- Sudden high fever
- Stiff neck
- Severe headache that seems different than normal
- Headache with nausea or vomiting
- Confusion or difficulty concentrating
- Sleepiness or difficulty waking
- Sensitivity to light
- No appetite or thirst
Viral meningitis is usually mild and often clears on its own. Most cases in the United States are caused by a group of viruses known as enteroviruses, which are most common in late summer and early fall. Viruses such as herpes simplex virus, HIV, mumps, West Nile virus and others also can cause viral meningitis.
Listeria monocytogenes (listeria). These bacteria can be found in unpasteurized cheeses, hot dogs and luncheon meats. Pregnant women, newborns, older adults and people with weakened immune systems are most susceptible. Listeria can cross the placental barrier, and infections in late pregnancy may be fatal to the baby.
- Streptococcus pneumonia (pneumococcus). This bacterium is the most common cause of bacterial meningitis in infants, young children and adults. It more commonly causes pneumonia or ear or sinus infections.
- Neisseria meningitidis (meningococcus). This bacterium is another leading cause of bacterial meningitis. These bacteria commonly cause an upper respiratory infection but can cause meningococcal meningitis when they enter the bloodstream. This is a highly contagious infection that affects mainly teenagers and young adults.
- Haemophilus influenzae (haemophilus). Haemophilus influenzae type b (Hib) bacterium was once the leading cause of bacterial meningitis in children.
- Fungal meningitis is not transmitted from person to person. The fungi are usually inhaled and then spread by the blood to the central nervous system; fungi may also be directly inserted into the central nervous system by medical techniques or enter from an infected site near the central nervous system to cause meningitis.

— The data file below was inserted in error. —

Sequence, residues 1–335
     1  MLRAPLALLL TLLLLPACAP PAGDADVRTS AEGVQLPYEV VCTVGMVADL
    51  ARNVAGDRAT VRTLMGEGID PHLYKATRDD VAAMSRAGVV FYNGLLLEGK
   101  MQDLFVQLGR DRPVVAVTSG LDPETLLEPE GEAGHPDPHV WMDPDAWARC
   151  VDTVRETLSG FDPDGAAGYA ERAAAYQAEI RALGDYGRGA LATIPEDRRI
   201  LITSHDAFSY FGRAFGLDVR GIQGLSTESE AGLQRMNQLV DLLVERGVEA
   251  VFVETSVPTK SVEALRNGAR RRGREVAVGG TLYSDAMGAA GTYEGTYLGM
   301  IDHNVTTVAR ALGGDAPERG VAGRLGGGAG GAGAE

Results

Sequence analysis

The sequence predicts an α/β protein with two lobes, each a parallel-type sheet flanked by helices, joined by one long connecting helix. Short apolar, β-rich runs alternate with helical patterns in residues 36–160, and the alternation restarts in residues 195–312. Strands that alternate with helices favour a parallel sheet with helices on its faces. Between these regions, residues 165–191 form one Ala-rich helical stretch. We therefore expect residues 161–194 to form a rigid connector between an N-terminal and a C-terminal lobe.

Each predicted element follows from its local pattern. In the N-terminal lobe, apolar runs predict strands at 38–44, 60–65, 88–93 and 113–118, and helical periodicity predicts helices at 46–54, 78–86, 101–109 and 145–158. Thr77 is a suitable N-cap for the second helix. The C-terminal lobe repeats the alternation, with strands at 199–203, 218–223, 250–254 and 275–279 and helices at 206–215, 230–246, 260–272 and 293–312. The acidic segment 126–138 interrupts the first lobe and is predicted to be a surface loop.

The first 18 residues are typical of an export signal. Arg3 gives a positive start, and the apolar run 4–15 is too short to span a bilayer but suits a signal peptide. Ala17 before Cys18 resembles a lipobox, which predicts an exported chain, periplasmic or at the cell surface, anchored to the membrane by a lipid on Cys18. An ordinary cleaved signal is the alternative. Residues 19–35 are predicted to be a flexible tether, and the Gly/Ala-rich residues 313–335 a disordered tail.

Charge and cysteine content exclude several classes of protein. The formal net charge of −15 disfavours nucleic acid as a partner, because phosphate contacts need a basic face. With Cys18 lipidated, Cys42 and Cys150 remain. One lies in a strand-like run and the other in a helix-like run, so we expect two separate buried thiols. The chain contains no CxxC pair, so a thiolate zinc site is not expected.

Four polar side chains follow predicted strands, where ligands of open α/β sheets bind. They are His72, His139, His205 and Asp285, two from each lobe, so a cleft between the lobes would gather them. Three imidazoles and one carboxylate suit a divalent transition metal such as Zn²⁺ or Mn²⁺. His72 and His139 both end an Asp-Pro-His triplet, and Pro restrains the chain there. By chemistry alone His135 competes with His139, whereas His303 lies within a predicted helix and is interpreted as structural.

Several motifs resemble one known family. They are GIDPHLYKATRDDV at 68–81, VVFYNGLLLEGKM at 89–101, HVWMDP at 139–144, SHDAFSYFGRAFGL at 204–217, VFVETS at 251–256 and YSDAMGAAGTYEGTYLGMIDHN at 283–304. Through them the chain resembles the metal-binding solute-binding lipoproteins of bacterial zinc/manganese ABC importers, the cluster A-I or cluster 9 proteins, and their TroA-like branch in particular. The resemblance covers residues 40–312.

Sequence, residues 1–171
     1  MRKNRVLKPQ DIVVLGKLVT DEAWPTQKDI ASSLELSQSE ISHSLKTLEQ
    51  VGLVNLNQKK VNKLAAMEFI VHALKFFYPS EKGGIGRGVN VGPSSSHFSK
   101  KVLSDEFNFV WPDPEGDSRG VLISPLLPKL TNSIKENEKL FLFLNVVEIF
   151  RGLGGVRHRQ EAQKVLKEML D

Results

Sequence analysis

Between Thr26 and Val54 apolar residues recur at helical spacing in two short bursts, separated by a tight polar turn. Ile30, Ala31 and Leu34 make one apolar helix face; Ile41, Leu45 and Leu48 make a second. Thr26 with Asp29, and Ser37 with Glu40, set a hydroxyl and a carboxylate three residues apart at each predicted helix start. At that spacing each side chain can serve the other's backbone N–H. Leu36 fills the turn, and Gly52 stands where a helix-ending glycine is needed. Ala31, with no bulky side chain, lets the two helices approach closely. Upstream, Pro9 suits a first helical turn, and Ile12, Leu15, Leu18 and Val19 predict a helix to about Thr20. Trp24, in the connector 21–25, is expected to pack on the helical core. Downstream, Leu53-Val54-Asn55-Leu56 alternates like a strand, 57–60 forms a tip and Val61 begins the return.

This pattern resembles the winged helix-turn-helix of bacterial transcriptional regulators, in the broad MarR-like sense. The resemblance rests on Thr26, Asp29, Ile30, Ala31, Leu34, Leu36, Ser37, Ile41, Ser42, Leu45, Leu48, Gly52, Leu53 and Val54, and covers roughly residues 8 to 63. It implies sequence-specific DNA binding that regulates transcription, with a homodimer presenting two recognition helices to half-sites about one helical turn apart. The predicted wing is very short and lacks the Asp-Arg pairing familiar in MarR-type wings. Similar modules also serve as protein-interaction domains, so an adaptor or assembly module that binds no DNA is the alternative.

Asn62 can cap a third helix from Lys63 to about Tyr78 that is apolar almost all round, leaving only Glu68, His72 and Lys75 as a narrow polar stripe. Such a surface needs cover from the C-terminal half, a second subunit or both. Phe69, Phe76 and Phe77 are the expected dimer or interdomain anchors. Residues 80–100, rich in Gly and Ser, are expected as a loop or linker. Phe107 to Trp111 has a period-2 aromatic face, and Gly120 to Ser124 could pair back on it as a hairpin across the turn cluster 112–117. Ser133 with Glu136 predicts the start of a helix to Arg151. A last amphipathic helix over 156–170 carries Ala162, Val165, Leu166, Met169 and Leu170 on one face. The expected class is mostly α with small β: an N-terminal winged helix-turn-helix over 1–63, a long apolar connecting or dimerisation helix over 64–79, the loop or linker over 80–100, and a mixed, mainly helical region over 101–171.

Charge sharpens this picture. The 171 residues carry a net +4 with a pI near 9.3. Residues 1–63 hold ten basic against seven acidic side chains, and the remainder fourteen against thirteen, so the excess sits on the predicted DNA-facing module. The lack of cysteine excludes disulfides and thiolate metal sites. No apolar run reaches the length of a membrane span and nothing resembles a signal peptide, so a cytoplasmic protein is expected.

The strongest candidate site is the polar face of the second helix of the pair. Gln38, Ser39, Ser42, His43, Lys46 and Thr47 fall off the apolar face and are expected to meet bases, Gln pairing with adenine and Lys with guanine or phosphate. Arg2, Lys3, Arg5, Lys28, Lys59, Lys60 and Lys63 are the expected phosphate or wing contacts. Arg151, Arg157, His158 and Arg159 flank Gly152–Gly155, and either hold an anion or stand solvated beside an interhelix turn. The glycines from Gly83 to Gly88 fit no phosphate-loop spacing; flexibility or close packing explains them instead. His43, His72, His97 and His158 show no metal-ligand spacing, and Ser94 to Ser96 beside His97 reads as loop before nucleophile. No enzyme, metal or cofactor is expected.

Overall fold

Acute bacterial meningitis must be treated immediately with intravenous antibiotics and, more recently, corticosteroids. This helps to ensure recovery and reduce the risk of complications, such as brain swelling and seizures.
The antibiotic or combination of antibiotics depends on the type of bacteria causing the infection. Your doctor may recommend a broad-spectrum antibiotic until he or she can determine the exact cause of the meningitis.
Your doctor may drain any infected sinuses or mastoids — the bones behind the outer ear that connect to the middle ear.
Antibiotics can't cure viral meningitis, and most cases improve on their own in several weeks. Treatment of mild cases of viral meningitis usually includes:
- Bed rest
- Plenty of fluids
- Over-the-counter pain medications to help reduce fever and relieve body aches
Your doctor may prescribe corticosteroids to reduce swelling in the brain, and an anticonvulsant medication to control seizures. If a herpes virus caused your meningitis, an antiviral medication is avaiable.
Fungal meningitis is treated with long courses of high dose antifungal medications, usually given through an IV line in the hospital. The length of treatment depends on the status of the Immune system and the type of fungus that caused the infection. For people with immune systems that do not function well because of other conditions, like AIDS, diabetes, or cancer
"IV LINES IN HOSPITALS THROUGH WHICH MEDICINES ARE GIVEN. "
- Wash your hands. Careful hand-washing helps prevent germs. Wash hands often, especially before eating and after using the toilet, spending time in a crowded public place or petting animals.
- Practice good hygiene. Don't share drinks, foods, straws, eating utensils, lip balms or toothbrushes with anyone else.
- Stay healthy. Maintain your immune system by getting enough rest, exercising regularly, and eating a healthy diet with plenty of fresh fruits, vegetables and whole grains.
- Cover your mouth. When you need to cough or sneeze, be sure to cover your mouth .